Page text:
Waiting times in accident and emergency (A&E) departments are a key measure of how the NHS is performing. In recent years, patients have been waiting longer in A&E; this article from the Kings Fund explores the reasons behind this.
The article reports that not only are more people are attending A&E departments each year, but A&E waiting times have also increased substantially over recent years. The NHS has not met the standard at national level in any year since 2013/14, and the standard has been missed in every month since July 2015.
At the same time, longstanding staffing issues and continued reductions in the number of hospital beds have made it more difficult for A&E departments to admit patients.
Winter is coming. How much would it cost to keep the pressure down? | The Health Foundation | Story via OnMedica
New analysis from the Health Foundation suggests that this winter could see the worst performance against the NHS four-hour A&E target since records began in 2004-5.
The analysis uses projected trends in A&E attendances, the number of people waiting over four hours at A&E, and the number of those needing admission but waiting over four hours for a bed. The projections suggest that around 735,000 people will wait longer than four hours in the last quarter of 2017-18 (January – March), equal to a 311% increase on winter 2010-11.
The NHS aims to admit, discharge, or transfer 95% of people within four hours of arriving at A&E. But in a worsening financial climate, hospitals are now struggling to meet this target all year round, not just in winter.
Speaking at the Reform health conference, Health secretary calls for NHS hospitals to get back to meeting 95% four hour waiting target next year | NHS Providers
Speaking at the Reform health conference today (9 March 2017) health secretary Jeremy Hunt called for NHS hospitals to get back to meeting the four hour A&E target.
The four hour waiting target for A&E has not been met since July 2015. The health secretary has told NHS trusts that target should be hit next year after new funding was announced in the spring Budget.
Responding to the health secretary’s comments on the four hour A & E target, the chief executive of NHS Providers, Chris Hopson said:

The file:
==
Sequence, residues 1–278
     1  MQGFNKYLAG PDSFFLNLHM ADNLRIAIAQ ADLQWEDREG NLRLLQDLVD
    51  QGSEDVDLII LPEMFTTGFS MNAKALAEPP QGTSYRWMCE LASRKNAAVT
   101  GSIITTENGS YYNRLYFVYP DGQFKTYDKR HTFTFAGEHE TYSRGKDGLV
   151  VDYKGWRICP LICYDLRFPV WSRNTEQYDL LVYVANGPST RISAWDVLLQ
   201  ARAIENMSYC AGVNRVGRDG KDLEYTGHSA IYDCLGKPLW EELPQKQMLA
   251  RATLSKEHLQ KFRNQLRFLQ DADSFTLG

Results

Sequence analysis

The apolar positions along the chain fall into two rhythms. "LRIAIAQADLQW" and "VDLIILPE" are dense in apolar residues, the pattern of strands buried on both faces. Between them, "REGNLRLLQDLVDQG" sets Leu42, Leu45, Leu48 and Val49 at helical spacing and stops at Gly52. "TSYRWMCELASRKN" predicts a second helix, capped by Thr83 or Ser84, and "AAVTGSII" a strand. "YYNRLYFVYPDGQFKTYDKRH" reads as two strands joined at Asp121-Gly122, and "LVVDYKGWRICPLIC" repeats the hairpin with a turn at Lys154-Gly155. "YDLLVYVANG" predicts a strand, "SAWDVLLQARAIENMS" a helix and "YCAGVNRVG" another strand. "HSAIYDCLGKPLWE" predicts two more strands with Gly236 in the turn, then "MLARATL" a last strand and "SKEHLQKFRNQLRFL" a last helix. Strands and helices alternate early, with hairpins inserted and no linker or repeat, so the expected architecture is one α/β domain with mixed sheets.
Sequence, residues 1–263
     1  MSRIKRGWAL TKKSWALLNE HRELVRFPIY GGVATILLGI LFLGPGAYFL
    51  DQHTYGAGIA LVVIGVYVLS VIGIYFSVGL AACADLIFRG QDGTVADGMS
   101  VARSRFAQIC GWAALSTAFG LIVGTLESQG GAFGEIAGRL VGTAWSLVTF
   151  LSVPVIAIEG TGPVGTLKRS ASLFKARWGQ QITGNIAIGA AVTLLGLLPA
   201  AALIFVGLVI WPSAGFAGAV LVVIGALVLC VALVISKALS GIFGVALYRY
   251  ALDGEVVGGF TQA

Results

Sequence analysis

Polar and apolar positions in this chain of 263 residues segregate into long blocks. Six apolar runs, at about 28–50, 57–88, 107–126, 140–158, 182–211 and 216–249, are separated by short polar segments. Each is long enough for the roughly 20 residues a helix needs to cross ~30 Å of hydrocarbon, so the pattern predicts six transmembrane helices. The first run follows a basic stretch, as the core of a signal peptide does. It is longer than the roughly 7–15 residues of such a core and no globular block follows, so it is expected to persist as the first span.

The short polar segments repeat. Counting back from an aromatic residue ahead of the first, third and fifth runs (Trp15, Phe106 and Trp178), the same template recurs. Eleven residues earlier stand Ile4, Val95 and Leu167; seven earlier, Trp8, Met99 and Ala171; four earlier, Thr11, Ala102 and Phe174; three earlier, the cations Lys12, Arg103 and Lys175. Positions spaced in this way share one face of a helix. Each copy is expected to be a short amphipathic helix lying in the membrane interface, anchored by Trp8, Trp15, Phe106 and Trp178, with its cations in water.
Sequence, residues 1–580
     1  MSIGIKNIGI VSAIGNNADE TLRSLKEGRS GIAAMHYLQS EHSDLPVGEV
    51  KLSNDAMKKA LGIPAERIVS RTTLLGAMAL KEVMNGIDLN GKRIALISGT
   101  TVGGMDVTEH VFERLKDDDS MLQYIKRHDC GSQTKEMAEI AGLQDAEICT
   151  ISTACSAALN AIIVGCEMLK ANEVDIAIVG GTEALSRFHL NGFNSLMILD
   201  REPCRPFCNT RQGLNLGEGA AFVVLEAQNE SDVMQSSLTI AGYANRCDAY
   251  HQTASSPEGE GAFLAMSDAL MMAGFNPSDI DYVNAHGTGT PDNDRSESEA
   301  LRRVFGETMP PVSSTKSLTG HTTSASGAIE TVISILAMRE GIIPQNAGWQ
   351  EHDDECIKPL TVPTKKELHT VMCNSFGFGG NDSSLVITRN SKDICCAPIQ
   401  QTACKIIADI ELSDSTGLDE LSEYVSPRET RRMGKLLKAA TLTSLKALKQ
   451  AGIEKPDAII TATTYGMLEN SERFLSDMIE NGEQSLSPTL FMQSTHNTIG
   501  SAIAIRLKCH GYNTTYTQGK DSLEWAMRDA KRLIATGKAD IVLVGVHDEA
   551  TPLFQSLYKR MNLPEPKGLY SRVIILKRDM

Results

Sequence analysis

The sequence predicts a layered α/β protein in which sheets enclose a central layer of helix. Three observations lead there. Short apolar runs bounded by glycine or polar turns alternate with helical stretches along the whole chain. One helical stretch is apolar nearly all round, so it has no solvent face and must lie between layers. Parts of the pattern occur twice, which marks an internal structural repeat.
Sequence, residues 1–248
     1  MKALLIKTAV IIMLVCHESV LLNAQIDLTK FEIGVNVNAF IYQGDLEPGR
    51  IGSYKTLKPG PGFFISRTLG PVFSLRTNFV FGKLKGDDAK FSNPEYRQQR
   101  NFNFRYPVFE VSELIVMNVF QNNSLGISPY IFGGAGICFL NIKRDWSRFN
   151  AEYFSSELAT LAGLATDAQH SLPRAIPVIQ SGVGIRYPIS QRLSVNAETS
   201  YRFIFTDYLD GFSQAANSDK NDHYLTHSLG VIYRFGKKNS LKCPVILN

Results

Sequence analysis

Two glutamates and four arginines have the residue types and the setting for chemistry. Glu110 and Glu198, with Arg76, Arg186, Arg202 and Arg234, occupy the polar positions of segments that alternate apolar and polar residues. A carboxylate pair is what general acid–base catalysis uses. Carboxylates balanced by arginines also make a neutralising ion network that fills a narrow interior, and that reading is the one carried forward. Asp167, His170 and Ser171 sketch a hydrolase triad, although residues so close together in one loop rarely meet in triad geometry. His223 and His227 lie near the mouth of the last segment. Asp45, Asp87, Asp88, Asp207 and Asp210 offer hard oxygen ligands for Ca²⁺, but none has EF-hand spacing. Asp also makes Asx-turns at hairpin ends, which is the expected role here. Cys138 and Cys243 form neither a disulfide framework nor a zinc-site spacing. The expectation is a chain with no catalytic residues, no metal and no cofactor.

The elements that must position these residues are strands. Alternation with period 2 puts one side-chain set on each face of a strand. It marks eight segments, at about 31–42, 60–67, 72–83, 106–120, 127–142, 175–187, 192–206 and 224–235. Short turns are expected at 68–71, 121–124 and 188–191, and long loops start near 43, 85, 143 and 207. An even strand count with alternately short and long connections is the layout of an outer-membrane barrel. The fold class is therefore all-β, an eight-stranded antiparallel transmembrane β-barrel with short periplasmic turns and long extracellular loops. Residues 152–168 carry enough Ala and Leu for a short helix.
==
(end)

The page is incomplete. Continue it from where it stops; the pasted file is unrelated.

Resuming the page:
“Despite the best efforts of NHS trusts, performance against the 95% A&E target has declined rapidly over the last few years and that decline has been speeding up, due to the record levels of extra demand. NHS trusts will do all they can to meet the 95% standard but will need very significant extra investment in 2017/18 if they are to do so. We can’t, at this point, see where that money will come from.”
This briefing sets out facts about current A&E performance without underplaying the real pressures facing providers.
The briefing hihghlights the following:
Very few trusts are performing well, as measured by meeting the seeing 95% of A&E patients within the four-hour standard. We expect overall NHS performance for last week against the standard to be between 70 and 80%.
The vast majority of trusts are coping with the demand, in terms of avoiding persistently long trolley and 12-hour waits but some are struggling to do so.
There is a small number of trusts who are failing to cope with the demand and who have seen persistently large trolley and 12-hour waits. These tend to have lasted for short periods as corrective management action kicks in. Clearly, any incident of unavoidable harm is unacceptable and trusts are doing all they can to avoid them.
More than one in 10 patients in England face long delays for a hospital bed after emergency admission. | Story via BBC | The Guardian
There has been a sharp rise in “trolley waits” – the length of time people wait for a hospital bed in England after being admitted in an emergency, figures show. Figures show 473,453 patients waited more than four hours for a hospital bed – a fivefold increase since 2010-11.
Data analysed by the BBC shows 473,453 patients waited more than four hours between October 2015 and September 2016 – almost a fivefold increase since 2010-11.